But it had me thinking about the people with whom I do this anyway. They aren't formal critical friends, per se, as we have not made any formal agreement or set any rules/expectations/time frame from which to operate. However, I would like to suggest that these informal critical friends are just as important as the formal critical friend relationship.
Who are these informal critical friends? They are the people that we talk to about education on a regular basis. We may not have regular meeting times but we get together for coffee or dinner and talk about what is new and exciting in our classrooms and in education in general. It's the teacher down the hall who you go and visit after school to celebrate with because you are bursting with excitement about a successful lesson. Or, for many of us, the teacher down that virtual hallway (twitter).
Being a connected educator has enabled me to experience the perks of a critical friend without even really knowing it. As I move forward I would like to explore the benefits of a more formal critical friend relationship (anyone with experience in teacher education want to sign up for that?), but I already know that that will never replace the energy I get from all of you, my friends and colleagues with whom I discuss learning, education, passion, and life.
Thank you. All of you.
We get together regularly to discuss education.
He is my former principal and has pushed my thinking and learning further than anyone else I can think of. I became a different kind of learner and teacher because of him and his mentorship.
Thank you Antonio.
Here he is pushing me out of my comfort zone again.
Here we are together in person. Denise drove up to Surrey, BC in the Spring of '13 and it was so wonderful meeting her and her wonderful family in person! I love twitter, but there is something really special about talking to a person face to face!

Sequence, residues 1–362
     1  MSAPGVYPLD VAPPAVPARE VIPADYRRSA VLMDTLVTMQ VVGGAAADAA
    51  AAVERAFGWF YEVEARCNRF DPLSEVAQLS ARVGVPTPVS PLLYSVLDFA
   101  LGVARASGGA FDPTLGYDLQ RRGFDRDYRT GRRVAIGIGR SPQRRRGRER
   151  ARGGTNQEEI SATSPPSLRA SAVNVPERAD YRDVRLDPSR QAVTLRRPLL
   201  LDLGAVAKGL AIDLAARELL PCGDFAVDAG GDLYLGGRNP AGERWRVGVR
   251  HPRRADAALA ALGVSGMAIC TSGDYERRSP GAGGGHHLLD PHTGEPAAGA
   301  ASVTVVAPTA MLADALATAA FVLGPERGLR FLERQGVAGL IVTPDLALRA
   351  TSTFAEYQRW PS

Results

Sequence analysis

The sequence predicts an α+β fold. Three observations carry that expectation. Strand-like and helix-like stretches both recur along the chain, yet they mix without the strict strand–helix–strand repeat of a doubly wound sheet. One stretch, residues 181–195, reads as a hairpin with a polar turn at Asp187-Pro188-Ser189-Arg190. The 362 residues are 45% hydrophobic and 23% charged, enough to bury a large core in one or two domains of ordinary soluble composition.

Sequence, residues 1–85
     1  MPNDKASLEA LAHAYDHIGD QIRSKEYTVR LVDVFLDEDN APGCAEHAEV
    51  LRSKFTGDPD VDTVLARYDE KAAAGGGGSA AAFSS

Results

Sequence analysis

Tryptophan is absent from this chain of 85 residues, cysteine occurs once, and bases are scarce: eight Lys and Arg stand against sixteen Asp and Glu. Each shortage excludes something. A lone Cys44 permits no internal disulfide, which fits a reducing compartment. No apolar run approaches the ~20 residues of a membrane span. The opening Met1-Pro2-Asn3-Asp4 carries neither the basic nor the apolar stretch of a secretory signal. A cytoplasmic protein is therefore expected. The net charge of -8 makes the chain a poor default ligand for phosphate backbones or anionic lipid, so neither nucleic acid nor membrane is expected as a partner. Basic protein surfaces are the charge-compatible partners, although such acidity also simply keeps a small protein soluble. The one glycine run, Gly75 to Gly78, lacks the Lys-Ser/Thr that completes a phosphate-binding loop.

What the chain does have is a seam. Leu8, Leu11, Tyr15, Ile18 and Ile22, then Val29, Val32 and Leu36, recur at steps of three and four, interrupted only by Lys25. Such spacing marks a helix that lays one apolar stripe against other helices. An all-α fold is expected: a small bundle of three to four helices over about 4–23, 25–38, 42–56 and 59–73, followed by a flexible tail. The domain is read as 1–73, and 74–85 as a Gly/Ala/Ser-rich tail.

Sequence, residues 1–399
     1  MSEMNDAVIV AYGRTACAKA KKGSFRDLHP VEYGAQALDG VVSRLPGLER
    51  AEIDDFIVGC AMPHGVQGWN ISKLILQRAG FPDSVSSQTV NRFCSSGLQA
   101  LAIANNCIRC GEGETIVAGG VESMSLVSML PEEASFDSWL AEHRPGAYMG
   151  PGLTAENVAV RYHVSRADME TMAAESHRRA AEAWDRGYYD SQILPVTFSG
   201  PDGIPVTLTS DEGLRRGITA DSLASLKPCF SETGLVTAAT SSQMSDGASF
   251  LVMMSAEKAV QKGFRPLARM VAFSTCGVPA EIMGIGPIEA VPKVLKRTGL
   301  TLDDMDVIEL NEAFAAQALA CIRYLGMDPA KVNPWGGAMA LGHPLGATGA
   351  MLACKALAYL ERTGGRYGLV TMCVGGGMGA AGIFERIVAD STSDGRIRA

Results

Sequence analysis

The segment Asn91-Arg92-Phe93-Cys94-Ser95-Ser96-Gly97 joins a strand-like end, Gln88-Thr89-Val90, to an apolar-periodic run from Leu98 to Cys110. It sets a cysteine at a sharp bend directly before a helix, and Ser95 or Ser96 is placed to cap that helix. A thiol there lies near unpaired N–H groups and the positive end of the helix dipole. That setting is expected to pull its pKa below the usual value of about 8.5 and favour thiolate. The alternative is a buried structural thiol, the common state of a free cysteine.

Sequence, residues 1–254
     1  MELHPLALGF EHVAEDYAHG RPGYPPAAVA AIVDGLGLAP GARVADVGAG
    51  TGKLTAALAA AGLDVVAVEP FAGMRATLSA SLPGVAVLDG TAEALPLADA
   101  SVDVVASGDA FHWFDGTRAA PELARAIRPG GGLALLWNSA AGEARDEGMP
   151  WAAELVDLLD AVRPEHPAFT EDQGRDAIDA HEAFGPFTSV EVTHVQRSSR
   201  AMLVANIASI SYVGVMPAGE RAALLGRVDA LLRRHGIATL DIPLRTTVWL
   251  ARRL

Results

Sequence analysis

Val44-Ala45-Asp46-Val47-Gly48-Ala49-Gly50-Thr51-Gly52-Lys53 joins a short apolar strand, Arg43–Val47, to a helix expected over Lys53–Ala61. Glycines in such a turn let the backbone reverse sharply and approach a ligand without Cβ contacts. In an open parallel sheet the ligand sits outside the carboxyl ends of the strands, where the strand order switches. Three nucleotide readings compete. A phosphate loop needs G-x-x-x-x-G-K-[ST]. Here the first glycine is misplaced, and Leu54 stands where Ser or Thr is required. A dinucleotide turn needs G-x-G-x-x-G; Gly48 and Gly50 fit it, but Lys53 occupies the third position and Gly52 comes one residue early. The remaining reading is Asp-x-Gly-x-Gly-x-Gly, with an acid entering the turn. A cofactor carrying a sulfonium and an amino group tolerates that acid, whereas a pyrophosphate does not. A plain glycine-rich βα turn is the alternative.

And of course, I cannot leave out Hugh McDonald (@hughtheteacher), probably my closest critical friend! I have learned so much from, and with this guy! I miss teaching with you, buddy.
I could go on and on listing people who have taught me so much and who are such important informal critical friends, because there are so many! But I will stop here as it is time for me to check out who is presenting next at #RSCON4 (http://www.futureofeducation.com/). Check out the link to find another way to get connected!
And again, thank you all for being my critical friends.
How do you get feedback on your teaching/practice/thoughts/ideas? Do you have a critical friend? Is it a formal relationship, with arranged meeting times? Or more informal, like the ones I have described? I would love to hear about them! And again, if there is anyone working in teacher education who wants to arrange some sort of formal critical friendship, please let me know!